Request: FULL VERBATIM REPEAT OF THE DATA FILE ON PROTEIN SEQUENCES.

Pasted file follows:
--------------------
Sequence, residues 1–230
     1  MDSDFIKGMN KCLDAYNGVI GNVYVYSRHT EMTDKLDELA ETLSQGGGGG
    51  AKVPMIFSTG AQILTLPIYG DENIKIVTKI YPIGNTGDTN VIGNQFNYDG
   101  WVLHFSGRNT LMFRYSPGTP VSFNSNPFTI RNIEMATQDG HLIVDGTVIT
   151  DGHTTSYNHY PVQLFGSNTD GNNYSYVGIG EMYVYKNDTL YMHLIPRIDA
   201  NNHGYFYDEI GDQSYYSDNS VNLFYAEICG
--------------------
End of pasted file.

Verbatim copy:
Sequence, residues 1–230
     1  MDSDFIKGMN KCLDAYNGVI GNVYVYSRHT EMTDKLDELA ETLSQGGGGG
    51  AKVPMIFSTG AQILTLPIYG DENIKIVTKI YPIGNTGDTN VIGNQFNYDG
   101  WVLHFSGRNT LMFRYSPGTP VSFNSNPFTI RNIEMATQDG HLIVDGTVIT
   151  DGHTTSYNHY PVQLFGSNTD GNNYSYVGIG EMYVYKNDTL YMHLIPRIDA
   201  NNHGYFYDEI GDQSYYSDNS VNLFYAEICG